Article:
Mere Christianity originated as a series of four books, transcribed from a selection of informal radio broadcasts by Lewis. Its message is ecumenical, tearing down the walls between denominations by uniting around the person of Christ as the center of the Christian faith. Lewis uses the universal idea of right and wrong as a clue to the meaning of the universe in the first section. He then uses this exposition to fuel his apologetic outline of the Christian faith. He continues by teaching on the Christian behavior and virtues, placing special emphasis on the role of pride as the chief sin of which all other vices stem. In the last section, Lewis approaches various doctrinal ideas within Christianity, such as the trinity, predestination, sacrifice, and sanctification.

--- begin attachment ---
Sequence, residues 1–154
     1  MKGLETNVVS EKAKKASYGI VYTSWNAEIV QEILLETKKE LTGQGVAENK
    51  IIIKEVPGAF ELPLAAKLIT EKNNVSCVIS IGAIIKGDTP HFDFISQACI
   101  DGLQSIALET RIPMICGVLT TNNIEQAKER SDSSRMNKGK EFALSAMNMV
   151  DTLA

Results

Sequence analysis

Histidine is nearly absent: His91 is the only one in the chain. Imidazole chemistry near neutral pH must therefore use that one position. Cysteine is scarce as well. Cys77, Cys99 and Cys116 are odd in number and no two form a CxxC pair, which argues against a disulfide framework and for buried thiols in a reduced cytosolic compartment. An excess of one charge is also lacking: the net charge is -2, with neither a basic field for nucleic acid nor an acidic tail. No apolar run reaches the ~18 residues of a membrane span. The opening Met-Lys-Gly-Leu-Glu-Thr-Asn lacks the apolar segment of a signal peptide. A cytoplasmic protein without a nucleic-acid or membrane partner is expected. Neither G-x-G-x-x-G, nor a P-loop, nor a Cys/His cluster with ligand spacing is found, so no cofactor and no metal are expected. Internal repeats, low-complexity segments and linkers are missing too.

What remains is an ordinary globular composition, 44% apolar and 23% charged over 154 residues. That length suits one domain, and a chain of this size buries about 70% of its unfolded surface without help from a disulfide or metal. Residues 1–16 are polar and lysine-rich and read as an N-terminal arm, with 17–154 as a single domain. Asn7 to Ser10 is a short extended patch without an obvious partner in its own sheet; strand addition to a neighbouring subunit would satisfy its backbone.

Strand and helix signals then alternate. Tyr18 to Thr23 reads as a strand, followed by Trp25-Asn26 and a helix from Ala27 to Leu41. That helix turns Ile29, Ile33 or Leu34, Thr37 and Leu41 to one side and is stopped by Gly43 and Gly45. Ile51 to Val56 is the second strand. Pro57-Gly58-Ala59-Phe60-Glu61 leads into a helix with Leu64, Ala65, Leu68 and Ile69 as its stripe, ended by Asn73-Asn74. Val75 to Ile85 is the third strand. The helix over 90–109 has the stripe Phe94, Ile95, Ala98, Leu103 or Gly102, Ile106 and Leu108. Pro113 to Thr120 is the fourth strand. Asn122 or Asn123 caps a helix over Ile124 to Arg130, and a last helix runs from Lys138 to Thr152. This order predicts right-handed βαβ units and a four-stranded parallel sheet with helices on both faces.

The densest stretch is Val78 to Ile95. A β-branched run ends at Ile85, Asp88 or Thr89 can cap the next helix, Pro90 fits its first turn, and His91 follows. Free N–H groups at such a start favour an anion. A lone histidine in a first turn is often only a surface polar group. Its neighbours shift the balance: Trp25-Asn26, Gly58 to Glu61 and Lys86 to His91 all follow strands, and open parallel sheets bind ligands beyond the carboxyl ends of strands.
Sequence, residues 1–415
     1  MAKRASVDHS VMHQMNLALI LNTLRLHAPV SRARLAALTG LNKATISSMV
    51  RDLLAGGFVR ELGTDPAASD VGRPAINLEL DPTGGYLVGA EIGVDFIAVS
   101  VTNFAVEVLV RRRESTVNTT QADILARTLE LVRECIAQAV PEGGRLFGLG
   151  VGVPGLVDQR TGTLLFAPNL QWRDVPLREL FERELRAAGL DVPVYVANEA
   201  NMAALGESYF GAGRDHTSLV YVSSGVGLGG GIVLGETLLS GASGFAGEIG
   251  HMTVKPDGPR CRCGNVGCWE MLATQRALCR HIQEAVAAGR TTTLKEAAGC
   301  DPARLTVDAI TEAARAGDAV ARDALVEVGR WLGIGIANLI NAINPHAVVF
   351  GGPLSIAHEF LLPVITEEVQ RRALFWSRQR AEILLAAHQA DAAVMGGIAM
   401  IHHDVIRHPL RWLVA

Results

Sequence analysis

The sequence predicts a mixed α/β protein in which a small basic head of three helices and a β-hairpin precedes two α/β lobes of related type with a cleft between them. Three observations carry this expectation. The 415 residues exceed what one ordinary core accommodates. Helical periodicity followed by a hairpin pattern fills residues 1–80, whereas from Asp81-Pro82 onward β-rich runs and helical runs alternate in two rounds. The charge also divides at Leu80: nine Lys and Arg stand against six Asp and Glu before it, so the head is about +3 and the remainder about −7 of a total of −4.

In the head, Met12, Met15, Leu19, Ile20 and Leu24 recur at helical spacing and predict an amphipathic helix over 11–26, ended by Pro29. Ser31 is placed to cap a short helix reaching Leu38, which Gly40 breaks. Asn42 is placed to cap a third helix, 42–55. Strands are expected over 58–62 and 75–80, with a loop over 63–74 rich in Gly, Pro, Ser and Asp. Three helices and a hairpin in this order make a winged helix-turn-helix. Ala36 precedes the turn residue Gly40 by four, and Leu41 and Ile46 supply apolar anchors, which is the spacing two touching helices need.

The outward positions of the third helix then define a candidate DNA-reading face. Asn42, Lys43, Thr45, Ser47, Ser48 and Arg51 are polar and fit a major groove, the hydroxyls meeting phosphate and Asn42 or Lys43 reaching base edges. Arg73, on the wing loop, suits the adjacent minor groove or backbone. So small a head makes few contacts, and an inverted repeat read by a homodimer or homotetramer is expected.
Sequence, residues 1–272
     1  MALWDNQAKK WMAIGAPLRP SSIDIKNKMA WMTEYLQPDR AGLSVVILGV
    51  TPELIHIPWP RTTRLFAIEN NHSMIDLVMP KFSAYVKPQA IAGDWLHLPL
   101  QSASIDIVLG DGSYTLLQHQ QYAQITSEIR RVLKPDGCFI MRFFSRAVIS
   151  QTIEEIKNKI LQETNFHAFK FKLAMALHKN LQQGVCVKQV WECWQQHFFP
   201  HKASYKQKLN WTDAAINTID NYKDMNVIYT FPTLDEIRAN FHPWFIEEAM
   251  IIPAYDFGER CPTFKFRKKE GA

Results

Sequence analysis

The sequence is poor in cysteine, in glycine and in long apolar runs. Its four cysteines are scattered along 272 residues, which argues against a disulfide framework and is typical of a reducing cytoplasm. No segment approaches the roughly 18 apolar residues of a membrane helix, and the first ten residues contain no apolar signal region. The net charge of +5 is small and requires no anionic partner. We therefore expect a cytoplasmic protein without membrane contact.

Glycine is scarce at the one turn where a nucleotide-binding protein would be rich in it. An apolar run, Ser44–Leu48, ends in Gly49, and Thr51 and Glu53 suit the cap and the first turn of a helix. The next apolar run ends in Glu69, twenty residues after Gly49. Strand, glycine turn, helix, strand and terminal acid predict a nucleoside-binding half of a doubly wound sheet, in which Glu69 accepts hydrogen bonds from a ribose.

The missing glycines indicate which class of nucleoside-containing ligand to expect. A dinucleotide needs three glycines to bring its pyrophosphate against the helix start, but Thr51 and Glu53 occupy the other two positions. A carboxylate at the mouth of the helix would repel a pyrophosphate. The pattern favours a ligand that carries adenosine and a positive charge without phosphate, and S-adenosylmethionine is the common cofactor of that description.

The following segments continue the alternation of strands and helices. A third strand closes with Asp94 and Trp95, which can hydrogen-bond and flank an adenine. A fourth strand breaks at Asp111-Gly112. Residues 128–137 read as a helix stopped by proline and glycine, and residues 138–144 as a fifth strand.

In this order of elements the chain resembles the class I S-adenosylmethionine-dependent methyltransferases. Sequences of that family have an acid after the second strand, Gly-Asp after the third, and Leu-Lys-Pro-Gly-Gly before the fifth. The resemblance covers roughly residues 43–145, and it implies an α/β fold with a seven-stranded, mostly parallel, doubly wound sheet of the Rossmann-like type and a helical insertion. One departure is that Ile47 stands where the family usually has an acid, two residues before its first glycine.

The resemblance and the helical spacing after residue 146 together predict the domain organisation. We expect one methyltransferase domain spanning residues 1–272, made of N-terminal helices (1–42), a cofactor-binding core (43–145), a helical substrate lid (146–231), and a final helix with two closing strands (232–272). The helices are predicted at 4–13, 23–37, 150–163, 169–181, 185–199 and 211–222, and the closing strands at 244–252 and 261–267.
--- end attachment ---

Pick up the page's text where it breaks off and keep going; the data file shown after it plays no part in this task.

Mere Christianity was the first book on Christian doctrine I ever read. As a fifteen year old high school sophomore, I read through C. S. Lewis’s classic with my youth pastor. It was my first encounter with Christian doctrine and it introduced me to Christian thought. I include this book on my list because of it being my first experience with doctrine and theology.